From Independence … To Freedom Or Slavery

Ghana Flag
Courtesy of pexel copyright free photos.

On the 6th of March 1957 when we gained our independence, we believed that we had won everlasting freedom from foreign oppressors. Consequently, we threw out the British flag of oppression, hoisted the Ghana flag and joyfully proclaimed that “our beloved country was now free forever”. 

For you see, under colonialism, we the colonized were an enslaved people. Nothing in our own country belonged to us. The land with everything that is in it (gold, diamonds, silver, iron etc) belonged to the colonizer. The land with its rivers, lakes, mountains and everything on it, whether fixed (timber, farms, crops, fruits trees), or mobile (livestock, poultry, wild animals) belonged to the colonizer.  All our daily activities were sanctioned by the colonizer.  In all aspects of social life, the colonized individual with or without education, was placed way below the level of the least educated, least paid European civil servant. 

And whether we understood it or not, as a colonized people, our population was ultimately programmed to be wiped out and replaced by that of the colonizer. This had happened in many colonized countries. This was what colonialism meant. 


At last, we could expect to live freely on our own terms. We could expect to take charge of our own destiny.  We could expect to live, eat, drink and dance our way. We could shirk colonial shackles and cultures forced on us. With independence, we could reclaim our dignity and respect as human beings. And we could also tell our untold stories of suffering during the 500 years of enslavement and colonialism. 

In short, there was good reason for rejoicing and the hoisting of our national flag.

And, yes, of course, many of these things we sought to do. We developed short, medium and long term development plans for our nation. We built school, colleges, universities, and offered free education to our children. We even started mass education classes for the elderly. We built hospitals and offered free medical services to our people. We produced our own electricity, purified our water and distributed them to our citizens for little to no charge.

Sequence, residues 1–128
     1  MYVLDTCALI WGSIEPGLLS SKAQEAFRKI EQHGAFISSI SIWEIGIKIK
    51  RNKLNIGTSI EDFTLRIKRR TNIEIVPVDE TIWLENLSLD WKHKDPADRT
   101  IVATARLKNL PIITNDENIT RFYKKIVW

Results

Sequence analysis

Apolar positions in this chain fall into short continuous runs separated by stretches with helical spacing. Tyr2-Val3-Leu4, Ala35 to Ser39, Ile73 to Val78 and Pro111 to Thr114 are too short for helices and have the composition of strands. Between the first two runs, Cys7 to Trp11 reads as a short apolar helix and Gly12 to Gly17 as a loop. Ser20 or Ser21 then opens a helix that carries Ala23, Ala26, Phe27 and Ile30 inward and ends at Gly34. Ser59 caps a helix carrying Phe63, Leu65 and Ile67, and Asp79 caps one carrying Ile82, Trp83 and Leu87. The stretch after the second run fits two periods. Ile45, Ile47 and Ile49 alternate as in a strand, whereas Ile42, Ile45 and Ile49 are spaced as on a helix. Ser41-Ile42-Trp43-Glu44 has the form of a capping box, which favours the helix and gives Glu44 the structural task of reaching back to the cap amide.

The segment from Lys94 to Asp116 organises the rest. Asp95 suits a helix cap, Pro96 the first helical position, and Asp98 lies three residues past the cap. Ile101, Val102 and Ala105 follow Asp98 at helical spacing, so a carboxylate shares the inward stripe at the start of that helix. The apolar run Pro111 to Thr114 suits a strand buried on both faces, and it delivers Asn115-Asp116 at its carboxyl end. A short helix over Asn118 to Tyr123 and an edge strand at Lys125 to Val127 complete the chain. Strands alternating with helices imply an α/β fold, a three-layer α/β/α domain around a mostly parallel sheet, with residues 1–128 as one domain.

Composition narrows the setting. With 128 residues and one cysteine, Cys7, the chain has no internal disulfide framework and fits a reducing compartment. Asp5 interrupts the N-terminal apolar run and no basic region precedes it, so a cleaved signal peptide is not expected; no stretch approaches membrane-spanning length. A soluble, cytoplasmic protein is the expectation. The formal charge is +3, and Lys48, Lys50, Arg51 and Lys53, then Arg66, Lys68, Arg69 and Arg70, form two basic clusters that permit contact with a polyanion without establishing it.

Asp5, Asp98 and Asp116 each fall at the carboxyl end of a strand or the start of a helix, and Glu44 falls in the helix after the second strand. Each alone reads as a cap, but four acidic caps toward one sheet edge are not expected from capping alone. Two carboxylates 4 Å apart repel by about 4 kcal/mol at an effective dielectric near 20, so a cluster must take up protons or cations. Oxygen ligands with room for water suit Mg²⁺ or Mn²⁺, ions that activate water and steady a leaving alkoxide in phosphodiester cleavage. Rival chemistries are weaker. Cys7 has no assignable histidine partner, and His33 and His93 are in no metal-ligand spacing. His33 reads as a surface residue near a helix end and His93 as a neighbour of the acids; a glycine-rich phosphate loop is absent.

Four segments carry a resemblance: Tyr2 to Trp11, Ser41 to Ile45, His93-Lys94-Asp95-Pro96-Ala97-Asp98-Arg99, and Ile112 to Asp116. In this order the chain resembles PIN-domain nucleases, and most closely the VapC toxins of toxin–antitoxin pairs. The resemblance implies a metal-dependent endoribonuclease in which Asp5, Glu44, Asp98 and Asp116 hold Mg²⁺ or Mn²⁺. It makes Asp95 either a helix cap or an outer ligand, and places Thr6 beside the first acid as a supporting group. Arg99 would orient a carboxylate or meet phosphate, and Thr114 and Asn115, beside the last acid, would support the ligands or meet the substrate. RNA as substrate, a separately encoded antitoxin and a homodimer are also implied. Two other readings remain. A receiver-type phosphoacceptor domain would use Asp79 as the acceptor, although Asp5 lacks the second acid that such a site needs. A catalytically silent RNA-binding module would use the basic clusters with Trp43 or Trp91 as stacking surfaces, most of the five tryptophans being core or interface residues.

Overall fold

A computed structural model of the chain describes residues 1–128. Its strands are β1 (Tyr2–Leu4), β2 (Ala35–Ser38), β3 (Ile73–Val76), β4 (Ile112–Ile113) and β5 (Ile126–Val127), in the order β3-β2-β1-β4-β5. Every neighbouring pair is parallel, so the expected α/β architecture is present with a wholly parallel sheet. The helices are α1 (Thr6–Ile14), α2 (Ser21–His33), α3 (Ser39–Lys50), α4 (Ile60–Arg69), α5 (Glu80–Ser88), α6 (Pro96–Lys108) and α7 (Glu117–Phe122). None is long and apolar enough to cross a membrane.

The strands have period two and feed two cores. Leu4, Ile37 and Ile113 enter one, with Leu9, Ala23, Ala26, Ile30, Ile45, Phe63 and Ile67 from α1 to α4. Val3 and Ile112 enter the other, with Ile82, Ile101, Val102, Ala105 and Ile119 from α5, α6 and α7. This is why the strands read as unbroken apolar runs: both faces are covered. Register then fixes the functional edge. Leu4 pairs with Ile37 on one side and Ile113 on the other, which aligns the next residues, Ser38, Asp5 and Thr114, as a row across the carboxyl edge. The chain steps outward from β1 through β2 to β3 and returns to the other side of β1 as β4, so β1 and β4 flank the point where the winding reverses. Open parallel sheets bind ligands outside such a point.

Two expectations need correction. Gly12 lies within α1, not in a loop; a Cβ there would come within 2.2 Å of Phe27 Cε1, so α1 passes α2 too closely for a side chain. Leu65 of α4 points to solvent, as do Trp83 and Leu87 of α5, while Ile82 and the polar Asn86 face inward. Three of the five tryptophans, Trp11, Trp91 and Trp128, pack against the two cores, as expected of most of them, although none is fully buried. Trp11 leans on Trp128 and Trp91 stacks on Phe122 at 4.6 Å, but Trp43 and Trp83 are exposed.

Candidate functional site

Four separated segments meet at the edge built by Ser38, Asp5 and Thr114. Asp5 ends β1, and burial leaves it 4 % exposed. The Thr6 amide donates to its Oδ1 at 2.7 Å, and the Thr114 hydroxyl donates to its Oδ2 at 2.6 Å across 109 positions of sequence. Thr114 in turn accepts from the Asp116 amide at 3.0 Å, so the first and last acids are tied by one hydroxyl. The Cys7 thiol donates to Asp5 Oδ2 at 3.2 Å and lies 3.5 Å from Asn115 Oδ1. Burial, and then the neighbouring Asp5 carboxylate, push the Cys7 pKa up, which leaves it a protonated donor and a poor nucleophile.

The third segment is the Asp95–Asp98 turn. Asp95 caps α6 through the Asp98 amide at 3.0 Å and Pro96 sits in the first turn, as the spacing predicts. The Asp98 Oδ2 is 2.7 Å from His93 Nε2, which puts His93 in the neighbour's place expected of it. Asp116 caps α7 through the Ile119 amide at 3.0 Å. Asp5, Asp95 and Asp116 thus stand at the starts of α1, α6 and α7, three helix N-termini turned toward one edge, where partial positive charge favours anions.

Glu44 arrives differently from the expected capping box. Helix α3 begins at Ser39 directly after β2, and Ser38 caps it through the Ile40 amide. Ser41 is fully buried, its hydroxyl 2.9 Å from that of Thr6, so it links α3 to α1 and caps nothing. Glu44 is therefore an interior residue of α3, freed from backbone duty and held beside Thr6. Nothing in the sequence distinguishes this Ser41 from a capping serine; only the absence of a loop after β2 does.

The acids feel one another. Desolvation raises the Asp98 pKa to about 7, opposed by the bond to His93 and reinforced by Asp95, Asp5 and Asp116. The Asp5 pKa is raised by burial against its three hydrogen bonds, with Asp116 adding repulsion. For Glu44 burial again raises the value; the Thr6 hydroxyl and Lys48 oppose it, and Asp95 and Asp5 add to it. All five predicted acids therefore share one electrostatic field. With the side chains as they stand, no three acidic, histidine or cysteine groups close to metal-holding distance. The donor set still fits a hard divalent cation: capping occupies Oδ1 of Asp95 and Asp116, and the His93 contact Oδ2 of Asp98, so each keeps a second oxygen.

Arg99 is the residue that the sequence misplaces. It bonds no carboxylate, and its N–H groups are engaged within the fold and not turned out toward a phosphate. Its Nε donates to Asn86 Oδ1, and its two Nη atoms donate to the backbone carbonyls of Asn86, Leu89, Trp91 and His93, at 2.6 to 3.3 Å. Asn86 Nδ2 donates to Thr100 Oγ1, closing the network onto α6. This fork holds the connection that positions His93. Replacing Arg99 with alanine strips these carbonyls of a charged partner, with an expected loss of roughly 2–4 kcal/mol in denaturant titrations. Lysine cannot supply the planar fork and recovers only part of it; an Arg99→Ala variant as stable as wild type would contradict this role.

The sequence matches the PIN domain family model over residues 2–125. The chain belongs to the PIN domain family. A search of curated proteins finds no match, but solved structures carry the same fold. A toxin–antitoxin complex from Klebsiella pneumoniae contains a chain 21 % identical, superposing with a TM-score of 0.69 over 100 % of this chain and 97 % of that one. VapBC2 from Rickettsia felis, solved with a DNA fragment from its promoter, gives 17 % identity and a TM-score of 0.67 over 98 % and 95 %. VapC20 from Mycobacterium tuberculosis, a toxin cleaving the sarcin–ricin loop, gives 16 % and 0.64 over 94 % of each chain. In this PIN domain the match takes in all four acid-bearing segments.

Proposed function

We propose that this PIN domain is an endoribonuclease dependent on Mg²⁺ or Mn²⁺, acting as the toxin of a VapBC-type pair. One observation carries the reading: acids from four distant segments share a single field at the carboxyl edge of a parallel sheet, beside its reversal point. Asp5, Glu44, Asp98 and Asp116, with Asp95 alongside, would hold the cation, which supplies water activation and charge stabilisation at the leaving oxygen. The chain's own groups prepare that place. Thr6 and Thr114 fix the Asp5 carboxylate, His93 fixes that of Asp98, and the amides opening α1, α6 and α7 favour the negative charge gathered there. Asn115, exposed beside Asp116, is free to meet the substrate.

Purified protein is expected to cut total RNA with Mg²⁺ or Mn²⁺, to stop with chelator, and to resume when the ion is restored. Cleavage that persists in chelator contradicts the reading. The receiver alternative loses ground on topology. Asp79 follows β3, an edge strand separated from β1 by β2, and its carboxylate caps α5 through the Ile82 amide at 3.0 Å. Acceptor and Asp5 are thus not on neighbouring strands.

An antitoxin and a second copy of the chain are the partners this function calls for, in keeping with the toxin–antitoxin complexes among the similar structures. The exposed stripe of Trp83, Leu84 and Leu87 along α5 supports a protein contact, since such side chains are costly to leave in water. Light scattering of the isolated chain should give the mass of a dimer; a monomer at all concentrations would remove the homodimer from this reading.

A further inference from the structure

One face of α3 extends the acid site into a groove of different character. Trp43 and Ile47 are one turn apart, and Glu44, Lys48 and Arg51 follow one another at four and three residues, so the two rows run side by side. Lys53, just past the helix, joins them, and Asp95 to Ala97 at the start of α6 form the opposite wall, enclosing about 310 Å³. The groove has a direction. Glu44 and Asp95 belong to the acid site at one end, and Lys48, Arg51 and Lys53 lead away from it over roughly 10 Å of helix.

Within a short time, we built 350 factories on our own and managed them. We operated mines, refined and transformed gold, silver and diamonds from our fully owned Ghanaian mines. We bought commercial airplanes and our Ghanaian pilots flew them across the world. We set out to prove to the world that the black man was capable of managing his own affairs. And as we owed money to no one, we started earning respect from our peers the world over.


However, somewhere along the line, we made a u-turn. We lost track. Or did we? 

For today, 67 years later, our country is so indebted financially that our creditors have imposed a white man to sit in our Bank of Ghana headquarters to oversee our finances. 

Today, 67 years later, based on pressure from the white man, we have sold 300 out of our 350 fully owned industries to foreigners, and sidelined fellow Ghanaians who could have bought them and ran them profitably. Worse of all, we have no money or anything significant to show from the divestiture. 

Today, in the era of the fifth industrial revolution in technology, our telecommunications companies are all in the hands of foreign companies.

Today, again, based on foreign advice, our electricity supply is largely in the hands of foreign energy producers who threaten us with dumsor if we dare fail to pay our bills.

Today, we have bankrupted our 100% Ghanaian owned Ghana National Trading Company (GNTC), and rescinded favourable laws that put the Ghanaian in the front seat of our lucrative retail trade. And, in this way, we have enabled foreign companies to dominate the retail landscape and relegate the Ghanaian to insignificant retail roles.

Today, our richest gold mines are 100% foreign owned with Ghana having no shares in any of them, except in one of them for which our government has a paltry 10% share.